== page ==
IMF warns UAE of eurozone contagion

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The International Monetary Fund warned the United Arab Emirates and other Gulf countries could face major financial repercussions if the eurozone contagion spreads across global markets.

The global financial institution said in a report that countries depending on foreign financing and having financial links to Europe will face serious risks and difficulties. The report was prepared in April after consultations with the UAE and released in June.

“While vulnerabilities have decreased since 2008, the results of this analysis nonetheless suggest that the (UAE) authorities need to remain vigilant to global shocks and continue to strengthen buffers,” the report said.

However, the IMF noted that the UAE’s banking system is moderately exposed to Europe. The report highlighted that the country’s foreign liabilities are about 19% of its total liabilities, while about 20% of UAE’s banking system assets are held by the Europeans.

“While the estimated level of financial spillovers to Dubai is once again increasing, it is still below 2008-09 levels. European countries, Greece in particular, have been key contributors.”

The IMF report said the UAE’s banking system has not shown any distressing signs till now, while noting that the probability of all Emirati banks experiencing large losses simultaneously was very low.

However, the report added that the results of the analysis demonstrate that risk remains concentrated in a few banks; and stronger supervision will be needed to closely monitor their cross-border and domestic interbank exposures.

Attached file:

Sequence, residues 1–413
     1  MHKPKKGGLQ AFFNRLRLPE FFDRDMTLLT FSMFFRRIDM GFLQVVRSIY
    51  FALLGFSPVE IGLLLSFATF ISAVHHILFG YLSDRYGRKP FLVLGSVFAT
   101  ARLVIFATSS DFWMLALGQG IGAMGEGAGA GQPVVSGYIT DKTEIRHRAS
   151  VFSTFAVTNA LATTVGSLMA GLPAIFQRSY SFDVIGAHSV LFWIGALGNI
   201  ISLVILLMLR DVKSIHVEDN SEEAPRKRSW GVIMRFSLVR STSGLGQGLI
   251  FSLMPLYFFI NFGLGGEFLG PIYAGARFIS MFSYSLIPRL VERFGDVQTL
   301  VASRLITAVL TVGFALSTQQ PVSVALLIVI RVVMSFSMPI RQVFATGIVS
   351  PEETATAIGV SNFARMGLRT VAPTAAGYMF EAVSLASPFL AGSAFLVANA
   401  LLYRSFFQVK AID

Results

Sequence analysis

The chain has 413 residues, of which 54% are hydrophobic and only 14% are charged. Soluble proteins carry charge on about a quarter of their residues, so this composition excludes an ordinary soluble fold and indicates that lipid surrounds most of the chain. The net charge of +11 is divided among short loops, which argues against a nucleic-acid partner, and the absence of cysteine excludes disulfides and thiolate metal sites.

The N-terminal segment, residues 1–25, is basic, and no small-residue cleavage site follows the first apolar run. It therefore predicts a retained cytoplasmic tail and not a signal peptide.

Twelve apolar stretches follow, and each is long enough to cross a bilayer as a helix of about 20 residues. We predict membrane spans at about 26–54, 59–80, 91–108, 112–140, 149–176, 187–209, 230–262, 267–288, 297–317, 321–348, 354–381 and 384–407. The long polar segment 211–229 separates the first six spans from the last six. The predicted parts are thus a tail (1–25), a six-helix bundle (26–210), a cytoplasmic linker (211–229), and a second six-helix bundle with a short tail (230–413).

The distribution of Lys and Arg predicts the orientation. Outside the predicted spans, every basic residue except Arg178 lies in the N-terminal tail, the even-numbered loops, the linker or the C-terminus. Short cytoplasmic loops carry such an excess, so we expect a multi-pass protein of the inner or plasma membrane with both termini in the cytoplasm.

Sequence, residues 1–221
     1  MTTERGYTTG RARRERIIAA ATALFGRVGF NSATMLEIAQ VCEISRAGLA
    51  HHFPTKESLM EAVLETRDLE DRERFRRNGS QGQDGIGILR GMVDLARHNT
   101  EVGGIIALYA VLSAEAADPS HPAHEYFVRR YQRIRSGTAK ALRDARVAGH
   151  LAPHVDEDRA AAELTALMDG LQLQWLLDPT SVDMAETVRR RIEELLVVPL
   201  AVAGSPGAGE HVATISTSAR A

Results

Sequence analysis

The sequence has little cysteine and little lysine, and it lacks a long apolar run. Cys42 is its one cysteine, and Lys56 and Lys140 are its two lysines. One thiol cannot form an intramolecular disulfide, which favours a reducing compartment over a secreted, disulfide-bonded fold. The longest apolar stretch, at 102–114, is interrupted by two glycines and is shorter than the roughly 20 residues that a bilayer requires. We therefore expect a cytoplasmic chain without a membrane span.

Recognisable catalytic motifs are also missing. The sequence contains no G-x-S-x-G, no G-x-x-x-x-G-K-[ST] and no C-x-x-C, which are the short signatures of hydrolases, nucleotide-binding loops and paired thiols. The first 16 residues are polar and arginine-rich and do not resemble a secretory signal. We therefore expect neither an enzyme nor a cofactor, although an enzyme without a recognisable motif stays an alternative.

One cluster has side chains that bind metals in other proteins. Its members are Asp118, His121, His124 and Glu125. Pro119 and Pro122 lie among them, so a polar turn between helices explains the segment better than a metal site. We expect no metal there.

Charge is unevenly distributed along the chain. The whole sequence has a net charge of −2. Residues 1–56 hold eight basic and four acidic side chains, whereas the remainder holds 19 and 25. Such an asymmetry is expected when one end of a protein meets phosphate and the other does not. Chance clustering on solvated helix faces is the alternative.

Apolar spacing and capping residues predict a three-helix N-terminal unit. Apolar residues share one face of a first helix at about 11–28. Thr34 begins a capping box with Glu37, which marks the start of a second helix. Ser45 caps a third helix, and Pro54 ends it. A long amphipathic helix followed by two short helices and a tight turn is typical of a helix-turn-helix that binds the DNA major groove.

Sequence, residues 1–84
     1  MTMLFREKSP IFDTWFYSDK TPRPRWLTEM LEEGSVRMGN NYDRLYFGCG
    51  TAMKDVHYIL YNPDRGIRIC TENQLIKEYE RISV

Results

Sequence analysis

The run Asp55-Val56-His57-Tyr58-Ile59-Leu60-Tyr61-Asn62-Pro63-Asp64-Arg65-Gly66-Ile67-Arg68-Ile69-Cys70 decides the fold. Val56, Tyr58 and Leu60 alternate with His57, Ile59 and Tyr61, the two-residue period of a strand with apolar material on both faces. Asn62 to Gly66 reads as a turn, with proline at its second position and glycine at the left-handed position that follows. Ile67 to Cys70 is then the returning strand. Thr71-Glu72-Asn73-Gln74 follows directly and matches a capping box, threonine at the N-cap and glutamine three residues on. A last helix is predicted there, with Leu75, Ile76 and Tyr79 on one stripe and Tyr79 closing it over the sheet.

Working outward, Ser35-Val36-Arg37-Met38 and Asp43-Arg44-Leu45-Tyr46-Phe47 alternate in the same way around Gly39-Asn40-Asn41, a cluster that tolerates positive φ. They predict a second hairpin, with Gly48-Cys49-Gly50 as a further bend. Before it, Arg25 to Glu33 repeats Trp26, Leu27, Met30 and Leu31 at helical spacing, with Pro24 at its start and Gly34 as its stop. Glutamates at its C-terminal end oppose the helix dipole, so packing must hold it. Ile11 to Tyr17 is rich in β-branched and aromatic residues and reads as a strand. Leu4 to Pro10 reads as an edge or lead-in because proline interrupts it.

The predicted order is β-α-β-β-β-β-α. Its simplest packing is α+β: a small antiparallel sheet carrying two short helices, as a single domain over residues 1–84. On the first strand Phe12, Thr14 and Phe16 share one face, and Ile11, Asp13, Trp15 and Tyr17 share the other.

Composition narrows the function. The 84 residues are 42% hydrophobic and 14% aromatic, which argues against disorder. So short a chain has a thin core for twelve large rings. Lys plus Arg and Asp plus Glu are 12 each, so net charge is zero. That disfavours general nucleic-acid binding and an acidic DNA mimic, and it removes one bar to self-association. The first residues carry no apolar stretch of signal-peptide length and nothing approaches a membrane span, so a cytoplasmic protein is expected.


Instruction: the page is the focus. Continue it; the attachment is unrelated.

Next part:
“While the funding situation of local banks has stabilised, a foreign funding shock could generate some liquidity tightening in the banking sector,” the report said.

“Although financial vulnerabilities of the United Arab Emirates have decreased since the 2008 global real estate collapse, given the UAE’s interconnectedness, it remains exposed to global financial conditions,” the IMF insisted.

The Paris-based institution says the UAE will come under strain if euro zone governments and banks struggle to fund themselves. Dubai, the financial capital of the UAE and the Gulf region, is still recovering from its 2009-2010 corporate debt crisis despite posting solid economic performance last year.

The IMF also predicted that deterioration of the UAE banks’ asset quality would be witnessed this year, giving a rise to the number of bad loans although the damage would be limited as banking sector capable of handling a significant increase.

The financial study also revealed that seven out of 26 listed companies in the UAE’s real estate sector, with total liabilities of $12 billion, are operating under heavy losses or do not have sufficient operating income to service their debt.

“Italy, Portugal, and Spain are also contributors: these four countries explain close to 80 per cent of the contagion risk to Dubai,” the IMF report underlined.

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